Doing Business in the Bahamas


Doing Business in the Bahamas

Despite rapid and sweeping developments in technology that have greatly decreased the need for business travel, The Bahamas remains an appealing offshore business site because of its relative proximity to North America and Europe, and its relative ease of access to key international centers of finance. With its capital city Nassau served by direct flights to and from global business destinations like New York, Miami, London and Toronto, doing business in The Bahamas is a breeze for international traders, investors, and businessmen.

Why Start a Business in The Bahamas?

If you are trying to decide whether to start a business in The Bahamas or not, here are a few things that may help you make your decision.

Economic Overview

Through the years, the Bahamas government has created an appealing climate for investment and facilitated the comfort and efficiency of doing business in the islands of Bahamas. With a stable government and economy, coupled with a professional and competitively skilled workforce, modern and efficient infrastructure, nearness to strategic markets, and sound investment policy, this Commonwealth country without a doubt provides an ideal investment model.

The Bahamian economy is very much open to foreign direct investment, as demonstrated by the two pillars of its economy: tourism and offshore financial services. For instance, following the recent global economic crisis, much of the economic rebounding of the country is due to private sector and foreign direct investment pump-priming initiatives in the tourism industry.

Tourism is the industry that breathes fire into The Bahamas. The industry accounts for about 60 percent of the country’s Gross Domestic Product. The Bahamas has an annual traffic of over 4 million visitors. Currently, close to 50 percent of the jobs in the Bahamas are provided by the tourism industry. The tourism ministry is forecasting that the tourism industry will account for as much as 70 percent of jobs by the end of the decade. In recent years, offshore medical centers and medical tourism businesses have also begun to flourish in The Bahamas – undoubtedly as an offshoot of its already booming tourism industry.

In a distant second place to tourism is the banking and finance industry. It represents around one-fifth of the Gross Domestic Product of the Bahamian economy. The finance industry provides an estimated 4,500 jobs for the Bahamian populace. In 2011, it was reported that more than 350 banks and trust companies (duly licensed by the Central Bank of The Bahamas) operate in the country.

Ship registration, meanwhile, ranks third in top Bahamian industries. The Bahamas Ship Registry, which prides itself as one of the largest fleets in the world, registers a gross tonnage of more than 52 million tonnes. This industry is controlled by the Bahamas Merchant Shipping Act.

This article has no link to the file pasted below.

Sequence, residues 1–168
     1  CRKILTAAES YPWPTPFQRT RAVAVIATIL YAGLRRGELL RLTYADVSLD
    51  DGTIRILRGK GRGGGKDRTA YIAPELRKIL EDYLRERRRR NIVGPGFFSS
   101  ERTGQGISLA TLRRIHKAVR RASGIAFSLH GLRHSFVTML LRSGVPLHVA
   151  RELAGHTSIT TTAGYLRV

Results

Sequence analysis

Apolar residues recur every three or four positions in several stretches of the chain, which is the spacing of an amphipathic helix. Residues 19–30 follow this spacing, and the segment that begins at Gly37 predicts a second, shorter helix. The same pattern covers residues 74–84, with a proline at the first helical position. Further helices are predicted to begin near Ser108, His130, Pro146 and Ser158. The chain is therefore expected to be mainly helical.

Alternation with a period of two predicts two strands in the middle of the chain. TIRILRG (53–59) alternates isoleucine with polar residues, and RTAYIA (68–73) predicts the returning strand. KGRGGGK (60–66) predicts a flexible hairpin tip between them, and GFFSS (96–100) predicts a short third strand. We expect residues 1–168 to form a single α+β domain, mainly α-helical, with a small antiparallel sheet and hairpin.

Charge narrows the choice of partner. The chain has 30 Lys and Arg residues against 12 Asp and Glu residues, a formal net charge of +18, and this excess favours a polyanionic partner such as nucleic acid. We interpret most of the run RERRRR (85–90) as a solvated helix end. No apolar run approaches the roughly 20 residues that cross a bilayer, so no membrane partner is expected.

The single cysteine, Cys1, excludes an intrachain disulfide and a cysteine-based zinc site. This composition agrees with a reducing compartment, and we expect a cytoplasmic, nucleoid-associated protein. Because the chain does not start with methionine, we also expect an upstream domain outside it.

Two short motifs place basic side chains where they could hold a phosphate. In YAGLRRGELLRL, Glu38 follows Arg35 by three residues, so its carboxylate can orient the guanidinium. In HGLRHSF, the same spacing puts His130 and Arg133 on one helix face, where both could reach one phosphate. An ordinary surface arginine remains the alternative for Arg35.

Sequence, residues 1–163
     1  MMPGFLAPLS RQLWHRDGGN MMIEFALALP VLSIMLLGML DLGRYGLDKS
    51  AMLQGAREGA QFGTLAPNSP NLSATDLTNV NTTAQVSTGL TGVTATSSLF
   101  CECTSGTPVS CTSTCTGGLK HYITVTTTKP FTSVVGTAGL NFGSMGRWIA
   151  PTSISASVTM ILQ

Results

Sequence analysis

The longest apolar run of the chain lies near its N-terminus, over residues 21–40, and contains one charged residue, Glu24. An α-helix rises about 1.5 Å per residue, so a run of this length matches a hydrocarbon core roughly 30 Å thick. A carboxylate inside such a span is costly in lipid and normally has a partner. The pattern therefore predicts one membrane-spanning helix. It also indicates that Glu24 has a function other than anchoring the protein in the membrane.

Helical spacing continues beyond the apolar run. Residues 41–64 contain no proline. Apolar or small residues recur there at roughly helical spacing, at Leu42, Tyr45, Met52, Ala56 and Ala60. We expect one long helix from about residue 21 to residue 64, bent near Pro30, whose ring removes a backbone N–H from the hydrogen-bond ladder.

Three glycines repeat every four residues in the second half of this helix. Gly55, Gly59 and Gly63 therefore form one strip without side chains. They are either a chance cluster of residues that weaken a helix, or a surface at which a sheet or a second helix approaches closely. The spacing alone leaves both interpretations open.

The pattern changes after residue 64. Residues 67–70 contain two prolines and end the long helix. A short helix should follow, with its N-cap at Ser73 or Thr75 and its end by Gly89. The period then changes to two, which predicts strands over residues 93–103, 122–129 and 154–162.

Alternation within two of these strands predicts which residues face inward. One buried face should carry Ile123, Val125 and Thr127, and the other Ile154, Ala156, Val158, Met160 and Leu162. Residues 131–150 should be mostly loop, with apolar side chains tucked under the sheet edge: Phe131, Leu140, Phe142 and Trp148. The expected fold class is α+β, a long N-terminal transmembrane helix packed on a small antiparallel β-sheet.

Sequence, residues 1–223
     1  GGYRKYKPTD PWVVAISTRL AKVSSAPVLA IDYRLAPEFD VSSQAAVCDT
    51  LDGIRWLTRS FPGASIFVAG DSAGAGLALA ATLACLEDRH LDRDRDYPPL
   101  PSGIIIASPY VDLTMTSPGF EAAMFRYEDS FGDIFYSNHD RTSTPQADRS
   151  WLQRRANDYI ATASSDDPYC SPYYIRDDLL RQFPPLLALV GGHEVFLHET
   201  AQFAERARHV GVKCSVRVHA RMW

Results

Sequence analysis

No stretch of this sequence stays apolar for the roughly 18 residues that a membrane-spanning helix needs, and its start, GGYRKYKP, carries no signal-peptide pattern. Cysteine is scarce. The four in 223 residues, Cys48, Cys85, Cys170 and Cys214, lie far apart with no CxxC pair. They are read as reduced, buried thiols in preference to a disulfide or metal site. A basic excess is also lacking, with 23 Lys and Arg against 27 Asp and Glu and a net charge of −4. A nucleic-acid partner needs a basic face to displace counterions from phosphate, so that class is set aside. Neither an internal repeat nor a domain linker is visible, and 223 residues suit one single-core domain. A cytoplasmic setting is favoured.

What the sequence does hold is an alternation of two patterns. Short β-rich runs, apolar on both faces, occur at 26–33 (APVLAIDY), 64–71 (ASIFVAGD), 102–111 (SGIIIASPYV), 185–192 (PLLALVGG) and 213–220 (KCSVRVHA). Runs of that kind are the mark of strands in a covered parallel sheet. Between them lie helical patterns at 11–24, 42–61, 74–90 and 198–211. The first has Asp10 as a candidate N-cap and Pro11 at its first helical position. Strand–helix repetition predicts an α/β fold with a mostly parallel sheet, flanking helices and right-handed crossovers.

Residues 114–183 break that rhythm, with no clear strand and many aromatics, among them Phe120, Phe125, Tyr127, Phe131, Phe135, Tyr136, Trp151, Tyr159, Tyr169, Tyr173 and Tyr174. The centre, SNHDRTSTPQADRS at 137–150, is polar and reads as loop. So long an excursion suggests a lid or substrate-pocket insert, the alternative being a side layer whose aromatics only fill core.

The Bahamas has become a center for the maritime industry thanks in part to its huge oil storage facilities; they are among the largest in the world. Plus, its two main harbors (Nassau and Freeport) have technologically advanced facilities.

Other notable industries in this tropical country include agricultural and marine resources, limestone processing, fragrance and chemical manufacturing, ship repair, and film as well as television production. Among the top exports of The Bahamas are vegetables, fruits, crawfish, salt, crude oil, and rum.

 

Advantages of doing business in Bahamas:

Sound foreign direct investment and incentives policies crafted and implemented by the Bahamas government are the major contributors to the country’s rosy business climate. Business incentives include allowing access to government owned land, waived customs duties, and border tax holidays on raw materials as well as building and equipment supplies, real property tax exemptions, and zero restrictions on current account transactions as well as profits repatriation.

A newly approved Business License Act, which streamlines the process of applying for and operating a business, as well as a multimillion program for simplifying and computerizing government services are also geared to attract more business ventures in The Bahamas.

In today’s business world, everyone knows that an excellent telecommunications highway is indispensable for businesses to operate and thrive. With the islands’ state of the art telecommunications services and facilities – including high speed internet access linked to mainland US through fiber optic submarine cables – The Bahamas is truly on the global map of leading areas for the setting up of businesses, especially international business enterprises.

Another advantage of doing business in The Bahamas is the local population’s high literacy and expertise levels. Of the total adult population in the country, 95.5% are considered literate. Much of the local young population also has tertiary level degrees and certifications from local and international higher education institutions.

 

What is the code of behavior when doing business in Bahamas? Anyone doing business in Bahamas is expected to observe the following code of behavior:

  1. Unless you have been given permission, never call your business partner using his first name; use his academic title and surname instead.
  2. Handle business cards with respect. When a Bahamian hands his business card to you, remember NOT to bend it or scribble on it.
  3. Your business partner may be late, but you are expected to be punctual.
  4. Remember that the negotiation style in the Bahamas is hierarchical in nature. So, decisions may have been made already before your meeting.
  5. Topics in business meetings are not mostly business related. You can expect to talk a lot about things other than business during your meetings in The Bahamas.

 

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Category: Economy, The Bahamas